7. The method as claimed in claim 1, wherein the rod-shaped fastener elements have heads at one end which are larger transverse dimension than a cylindrical shank which depends therefrom while the compacting step (c) includes the steps;
(i) arranging the elements so as to depend, in an adjacent parallel relationship from said run; and,
(ii) progressively tilting each advancing element into a predetermined angle during its travel along the first run, so that the head of each element leads the shank of the same element and the head of a preceding adjacent element to overlay the head of a succeeding element,
(iii) inclining the first run in downward manner; and,
(iv) vibrating the first run to induce travelling movement of the elements downwardly along the first run.
8. The method of claimed in claim 1, including an intermediate step interposed between the compacting step (b) and immersing step (c); namely, applying a suitable flux to each of the elements so as to enhance, the bonding to the elements of the bonding agent.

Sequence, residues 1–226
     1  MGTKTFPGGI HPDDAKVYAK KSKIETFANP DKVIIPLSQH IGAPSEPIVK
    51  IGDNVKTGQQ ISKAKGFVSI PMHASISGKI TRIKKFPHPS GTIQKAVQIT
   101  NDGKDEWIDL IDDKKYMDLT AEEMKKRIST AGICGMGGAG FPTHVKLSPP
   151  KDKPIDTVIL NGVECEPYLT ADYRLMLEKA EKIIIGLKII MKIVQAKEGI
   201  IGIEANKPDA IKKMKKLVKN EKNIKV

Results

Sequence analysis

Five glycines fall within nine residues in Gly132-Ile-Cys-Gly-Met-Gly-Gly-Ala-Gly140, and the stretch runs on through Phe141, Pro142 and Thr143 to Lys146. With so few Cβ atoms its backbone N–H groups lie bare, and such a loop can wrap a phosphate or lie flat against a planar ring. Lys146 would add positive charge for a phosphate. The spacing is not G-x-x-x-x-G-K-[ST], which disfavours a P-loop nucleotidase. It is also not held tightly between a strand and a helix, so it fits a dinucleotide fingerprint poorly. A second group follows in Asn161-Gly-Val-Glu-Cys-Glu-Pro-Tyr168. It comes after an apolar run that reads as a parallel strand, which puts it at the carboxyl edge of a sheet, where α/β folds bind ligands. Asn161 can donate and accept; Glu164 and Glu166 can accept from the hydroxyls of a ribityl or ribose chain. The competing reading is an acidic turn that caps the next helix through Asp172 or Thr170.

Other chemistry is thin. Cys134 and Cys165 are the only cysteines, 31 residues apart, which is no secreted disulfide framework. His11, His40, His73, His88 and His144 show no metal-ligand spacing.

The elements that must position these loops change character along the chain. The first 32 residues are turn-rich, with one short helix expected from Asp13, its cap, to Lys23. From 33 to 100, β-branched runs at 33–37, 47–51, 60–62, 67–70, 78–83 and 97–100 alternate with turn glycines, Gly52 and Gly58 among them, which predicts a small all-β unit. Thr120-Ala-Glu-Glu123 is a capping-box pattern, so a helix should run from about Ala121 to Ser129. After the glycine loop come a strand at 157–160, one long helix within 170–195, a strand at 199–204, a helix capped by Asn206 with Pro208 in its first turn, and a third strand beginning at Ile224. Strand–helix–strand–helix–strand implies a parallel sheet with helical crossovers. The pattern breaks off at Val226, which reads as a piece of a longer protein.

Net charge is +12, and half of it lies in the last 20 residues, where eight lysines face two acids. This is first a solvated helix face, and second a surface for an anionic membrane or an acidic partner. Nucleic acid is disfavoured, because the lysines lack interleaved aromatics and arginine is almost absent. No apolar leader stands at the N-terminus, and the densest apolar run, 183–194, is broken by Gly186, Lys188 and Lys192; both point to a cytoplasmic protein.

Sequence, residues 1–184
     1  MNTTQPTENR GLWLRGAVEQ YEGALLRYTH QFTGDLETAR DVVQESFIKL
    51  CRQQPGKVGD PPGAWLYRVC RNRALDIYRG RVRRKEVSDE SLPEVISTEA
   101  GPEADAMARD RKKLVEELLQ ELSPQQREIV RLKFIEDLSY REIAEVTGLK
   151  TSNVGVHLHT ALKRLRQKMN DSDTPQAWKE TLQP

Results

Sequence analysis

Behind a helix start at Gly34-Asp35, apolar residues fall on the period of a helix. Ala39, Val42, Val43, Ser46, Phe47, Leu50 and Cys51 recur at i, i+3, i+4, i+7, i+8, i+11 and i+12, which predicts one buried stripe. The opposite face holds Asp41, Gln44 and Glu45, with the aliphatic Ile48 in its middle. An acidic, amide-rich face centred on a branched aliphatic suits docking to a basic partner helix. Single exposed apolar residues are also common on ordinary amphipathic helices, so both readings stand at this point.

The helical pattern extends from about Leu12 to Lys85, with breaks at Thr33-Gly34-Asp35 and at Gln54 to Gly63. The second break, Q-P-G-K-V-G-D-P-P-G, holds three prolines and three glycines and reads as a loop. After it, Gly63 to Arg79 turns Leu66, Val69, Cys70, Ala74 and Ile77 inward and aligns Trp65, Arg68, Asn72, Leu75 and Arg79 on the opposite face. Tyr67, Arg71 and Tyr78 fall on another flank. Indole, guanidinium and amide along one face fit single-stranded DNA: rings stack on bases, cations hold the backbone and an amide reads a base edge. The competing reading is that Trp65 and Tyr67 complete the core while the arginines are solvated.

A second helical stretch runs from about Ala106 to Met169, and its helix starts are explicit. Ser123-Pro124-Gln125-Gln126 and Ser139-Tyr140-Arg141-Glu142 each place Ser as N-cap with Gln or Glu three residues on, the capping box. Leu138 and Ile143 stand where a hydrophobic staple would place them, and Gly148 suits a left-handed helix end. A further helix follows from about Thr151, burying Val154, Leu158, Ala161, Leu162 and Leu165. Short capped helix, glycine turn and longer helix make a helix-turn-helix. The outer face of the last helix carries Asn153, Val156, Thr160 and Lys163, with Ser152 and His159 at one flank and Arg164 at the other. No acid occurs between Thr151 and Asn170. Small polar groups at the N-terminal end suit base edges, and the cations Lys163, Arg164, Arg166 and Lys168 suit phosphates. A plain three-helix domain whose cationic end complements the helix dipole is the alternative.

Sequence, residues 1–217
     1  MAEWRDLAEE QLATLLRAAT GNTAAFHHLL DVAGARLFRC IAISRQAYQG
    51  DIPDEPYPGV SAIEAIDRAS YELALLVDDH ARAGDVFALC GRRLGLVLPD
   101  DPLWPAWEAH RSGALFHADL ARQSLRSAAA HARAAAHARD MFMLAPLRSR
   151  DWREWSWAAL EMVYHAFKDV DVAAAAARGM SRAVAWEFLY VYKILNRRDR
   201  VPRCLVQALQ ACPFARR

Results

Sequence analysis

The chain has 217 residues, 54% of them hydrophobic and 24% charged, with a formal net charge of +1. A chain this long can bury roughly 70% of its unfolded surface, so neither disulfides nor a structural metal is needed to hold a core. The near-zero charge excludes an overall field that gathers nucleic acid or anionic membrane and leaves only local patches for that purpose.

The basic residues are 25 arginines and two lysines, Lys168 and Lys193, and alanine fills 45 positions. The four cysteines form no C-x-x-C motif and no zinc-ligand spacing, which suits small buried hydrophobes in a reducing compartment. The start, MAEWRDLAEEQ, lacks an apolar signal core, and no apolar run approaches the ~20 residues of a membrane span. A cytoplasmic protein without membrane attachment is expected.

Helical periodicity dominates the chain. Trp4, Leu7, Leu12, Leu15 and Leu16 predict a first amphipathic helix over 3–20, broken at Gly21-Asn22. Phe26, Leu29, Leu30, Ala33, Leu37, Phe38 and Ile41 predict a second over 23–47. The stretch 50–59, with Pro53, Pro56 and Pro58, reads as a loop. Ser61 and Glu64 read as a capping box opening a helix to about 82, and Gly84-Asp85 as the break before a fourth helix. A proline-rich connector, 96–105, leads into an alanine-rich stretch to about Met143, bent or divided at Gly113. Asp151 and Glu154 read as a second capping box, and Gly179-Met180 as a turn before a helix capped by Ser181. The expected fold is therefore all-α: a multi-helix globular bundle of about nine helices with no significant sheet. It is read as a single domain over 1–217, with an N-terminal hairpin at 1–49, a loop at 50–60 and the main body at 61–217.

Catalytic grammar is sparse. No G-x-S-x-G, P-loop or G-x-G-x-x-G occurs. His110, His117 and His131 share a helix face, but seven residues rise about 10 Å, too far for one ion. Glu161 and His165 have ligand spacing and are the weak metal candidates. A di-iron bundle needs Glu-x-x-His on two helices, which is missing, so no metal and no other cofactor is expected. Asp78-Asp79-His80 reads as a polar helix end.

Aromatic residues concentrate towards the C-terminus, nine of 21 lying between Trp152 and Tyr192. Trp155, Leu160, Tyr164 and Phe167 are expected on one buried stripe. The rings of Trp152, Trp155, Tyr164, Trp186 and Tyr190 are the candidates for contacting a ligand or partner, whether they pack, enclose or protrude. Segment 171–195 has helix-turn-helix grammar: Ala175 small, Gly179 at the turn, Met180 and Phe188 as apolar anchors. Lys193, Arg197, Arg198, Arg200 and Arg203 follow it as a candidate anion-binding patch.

This invention relates to a method for aligning rod-like fastener members such as nails, screws, and the like into an oriented linear array and for binding, into a range, a pre-selected number of said members so that the range forms a rigid strip of members. If the members be nails, they subsequently may be placed into a magazine of a rapid-acting driving apparatus there to be injected by the rapid-acting driving apparatus into a work piece on command. The strip of rod-like fastener members is rigid, and have their shanks in side-by-side closely spaced parallel relationship, preferably juxtaposed, which when nails increases the number of nails able to be inserted into the magazine.